Thursday, August 28, 2008

Endarkenment news

This is the front page article on the free copy of the Ely Standard that just dropped through my door:

A WHITE witch is about to cast a bad weather spell on Ely's Oliver Cromwell celebrations due to take place next month. And perhaps even more controversially, the witch has told the Ely Standard that he was contacted by an Ely councillor and asked to cast a spell on the event.

Plans to mark the 350th anniversary of the Lord Protector's death on September 6 will have a spell put on tomorrow by Kevin Carlyon, a broomstick-riding* chat show regular who proclaims himself high priest of the British White Witches and guru to stars such as Ruby Wax.
The article is accompanied by a picture of Mr Carlyon 'at a previous cursing ceremony' and by another of him 'performing a spell'. It continues:
Tracey Harding, tourism team leader at Oliver Cromwell House's and the event's organiser, said she was seeking advice on whether to undo the hex
Let's round this up, so far. An elected politician has asked a "witch" to cast a spell to bring bad weather for an event. The event organiser is considering soliciting a rival spell to, presumably, bring her sunshine. And this is on the front page of a newspaper, even if it's just a local one.

With a nicely judged sense of irony, Mr Carlyon had this to say about an email he received that was not supportive of his actions:
"The lady didn't agree with what I was doing but she expressed herself in such a loony manner you couldn't take her seriously."
These events, and their prominence in a news sheet, come straight from the dark recesses of the seventeenth century.

I know local newspapers are often short of stories but the journalists in question must be out of their minds.

Hang on. Let me rephrase that. The journalists in question must be out of their fucking minds. There's a headlong flight from reason happening right now. Carl Sagan warned us about as the last millennium approached. And as this reviewer said:
In fact, if there is anything I disagree with in Sagan's book it is probably his encouragement of skeptics to be as civil as he is in dealing with what skeptics see as the dark that extinguishes the candle.
It's noteworthy, in passing, that the word "sceptic" has become tainted by the advocates of global warming, one of whose leaders, as I pointed out earlier, the head of the IPCC no less and an alleged man of science, has calculated how many reincarnations will be necessary for him to neutralise his carbon profile.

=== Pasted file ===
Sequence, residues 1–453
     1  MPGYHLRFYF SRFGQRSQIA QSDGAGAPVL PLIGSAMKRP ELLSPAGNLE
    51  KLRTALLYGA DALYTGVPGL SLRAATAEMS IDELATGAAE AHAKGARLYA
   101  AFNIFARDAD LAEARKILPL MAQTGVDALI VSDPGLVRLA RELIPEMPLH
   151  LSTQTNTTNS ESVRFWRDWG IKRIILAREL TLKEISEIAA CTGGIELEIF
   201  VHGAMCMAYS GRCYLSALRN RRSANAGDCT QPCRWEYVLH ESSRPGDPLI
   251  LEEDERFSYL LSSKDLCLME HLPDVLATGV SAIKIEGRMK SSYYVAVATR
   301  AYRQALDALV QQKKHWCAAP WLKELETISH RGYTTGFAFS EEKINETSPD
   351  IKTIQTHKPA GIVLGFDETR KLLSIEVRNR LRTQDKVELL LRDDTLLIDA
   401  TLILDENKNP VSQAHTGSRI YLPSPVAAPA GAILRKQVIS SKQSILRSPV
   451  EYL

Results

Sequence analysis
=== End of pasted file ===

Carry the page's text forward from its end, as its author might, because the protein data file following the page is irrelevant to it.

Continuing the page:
Reason taught us all we know. Scepticism is the handmaiden of reason, without which reason cannot operate except within narrow and often absurd and non-true boundaries - such as those pegged out by religions.

Journalists have a duty to ignore or deride drivel about Wiccans, or be ignored or derided in their turn. The Ely standard has brought itself and its profession into even further disrepute.

* And they think he can ride broomsticks? The journalist asserts he rides a fucking broomstick?

5 comments:

dearieme said...

Once Autumn comes, and garden sheds catch fire, normality will be restored for local rags.

PS Since this is a Fens story, I charge you with dereliction of duty, in that you neglected to tell us which of this cast of characters has six fingers on each hand.

Peter Risdon said...

"I charge you with dereliction of duty"

Guilty as charged though, as I understand it, it's the webbed toes that deserve to be drawn to the reader's attention.

dearieme said...

That's a story they put about to distract you from their hands.

JuliaM said...

"Let's round this up, so far. An elected politician has asked a "witch" to cast a spell to bring bad weather for an event. The event organiser is considering soliciting a rival spell to, presumably, bring her sunshine. And this is on the front page of a newspaper, even if it's just a local one."

Sounds rather like an article in 'Fortean Times', doesn't it? About Nigeria...

But, it's not just the newspapers that we need to worry about...

Anonymous said...

Casting a bad-weather-in-England spell? No, there's no way it can possibly materialise.